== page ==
Showing posts with label Brave Little Toaster. Show all posts
Showing posts with label Brave Little Toaster. Show all posts

Saturday, April 19, 2014

James Baker's Days at Cuckoo's Nest

sketch by James Baker
I first met James Baker at Cuckoo's Nest Studio in Taiwan, in 1986.  He was working on Hanna Barbera shows,  and I was there for retakes on The Brave Little Toaster.  He gives an hilarious account of his experiences in his blog.  I can attest to the veracity of his tales - he tells it how it was!
Check it out!

Sunday, January 5, 2014

Bean Bonkers and Life as a Human Resource

Every business has its bean counters.  In the bean business, they have them in spades.  A team of bean counters determines exactly how many beans to place each can to yield the maximum profit for the company.  If a worker at the cannery should strive to create a better can of beans by adding more beans or being more selective of the beans to be canned, that employee would, after a few formal warnings, be canned themselves.

Beans are not art.  Art is not beans.  But sometime way back, the two were crossbred to create an abominable freak worthy of Dr. Moreau; the animation production.  In this business, there are people who try to create art and people who try to count beans.  Together, they fail miserably in their individual tasks, but produce a bi-product called the animated cartoon; neither art nor beans.

Saturday, November 9, 2013

My Most Influential Contemporaries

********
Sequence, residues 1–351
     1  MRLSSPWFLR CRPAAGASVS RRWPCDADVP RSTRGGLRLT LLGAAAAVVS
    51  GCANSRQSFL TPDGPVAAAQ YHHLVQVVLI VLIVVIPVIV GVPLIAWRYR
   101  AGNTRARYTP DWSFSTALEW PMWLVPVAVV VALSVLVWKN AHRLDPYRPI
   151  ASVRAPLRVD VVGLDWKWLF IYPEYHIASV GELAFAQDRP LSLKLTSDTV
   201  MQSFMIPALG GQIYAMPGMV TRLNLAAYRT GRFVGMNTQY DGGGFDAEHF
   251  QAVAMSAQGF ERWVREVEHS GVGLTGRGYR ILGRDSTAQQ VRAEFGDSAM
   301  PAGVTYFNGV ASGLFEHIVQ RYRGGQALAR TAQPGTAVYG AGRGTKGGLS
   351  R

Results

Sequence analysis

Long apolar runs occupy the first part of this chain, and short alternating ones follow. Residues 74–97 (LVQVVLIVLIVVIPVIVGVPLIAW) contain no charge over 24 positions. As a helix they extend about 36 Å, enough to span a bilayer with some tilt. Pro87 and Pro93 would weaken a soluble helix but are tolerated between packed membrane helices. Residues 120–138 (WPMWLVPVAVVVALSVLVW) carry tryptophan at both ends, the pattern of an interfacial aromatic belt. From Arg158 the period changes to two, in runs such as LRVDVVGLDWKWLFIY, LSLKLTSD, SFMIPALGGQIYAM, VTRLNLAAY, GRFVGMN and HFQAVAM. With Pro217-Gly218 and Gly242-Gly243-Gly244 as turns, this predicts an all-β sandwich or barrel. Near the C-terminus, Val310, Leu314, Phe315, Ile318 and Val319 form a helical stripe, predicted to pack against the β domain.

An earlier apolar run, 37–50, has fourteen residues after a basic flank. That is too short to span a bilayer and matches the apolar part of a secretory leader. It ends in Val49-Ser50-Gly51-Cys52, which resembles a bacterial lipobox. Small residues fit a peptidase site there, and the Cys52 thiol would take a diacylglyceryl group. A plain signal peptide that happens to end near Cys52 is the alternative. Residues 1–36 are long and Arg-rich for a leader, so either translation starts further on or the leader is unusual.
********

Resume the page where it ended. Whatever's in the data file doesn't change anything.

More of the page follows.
I have posted before about artistic influences, artists who I did not work with personally, but had a strong influence on my own work.  This time, I write about artists of my generation. In the past 30 years, I have worked with hundreds of artists, and many have influenced me in some manner.  Here is a list of five artists who, for me, had the greatest impact, in chronological order.  

1.  Dan Jeup – Dan was my roommate during my freshman year of CalArts, in 1981.  I knew next to nothing about Disney animation, though Dan was already animating at a professional level, and was an encyclopedia of Disney animation knowledge.  His passion for the medium was contagious, and I felt lucky to be asked along when he studied Disney film prints in the school library, pointing out different animation techniques.  Dan taught me about editing and match cuts and animating a character with weight.   And I taught him how to drink a lot of beer.

Wednesday, October 30, 2013

Toaster Tales #3: Hotel Horror in Taipei

Deluxe accommodations.
In 1986, I went to Taiwan with a very small crew of Americans to work on the feature The Brave Little Toaster.  The experience of animating a breakneck 30 feet a week of passable full animation combined with living in a place so completely strange, congested, and foreign would prove to be a seminal event not just my life, but in the lives of everyone on the crew.  For Halloween, I thought I would share with you one of the scarier things that happened to me out there in the Far East.

Friday, March 22, 2013

Fans Gone Wild: The Brave Little Toaster

Fan art.  Just saying it brings a bemused smile to the face of animation artists.  Seeing a fan art version of something you worked on is an honor; the naive quality and the unabashed love behind it make it so. And sometimes what makes fan art special is the creativity of it.  Enter Ian Knau.

Ian is 22 and a lifelong fan of  The Brave Little Toaster.   The climactic sequence of the film involves a metal compactor - imagine the climactic scene in Toy Story 3 only twenty years earlier.  The Toaster sacrifices herself (yes, herself) to save The Master from being smooshed.   The metal crunchng machine made a deep impression on young Ian that has carried into his adulthood.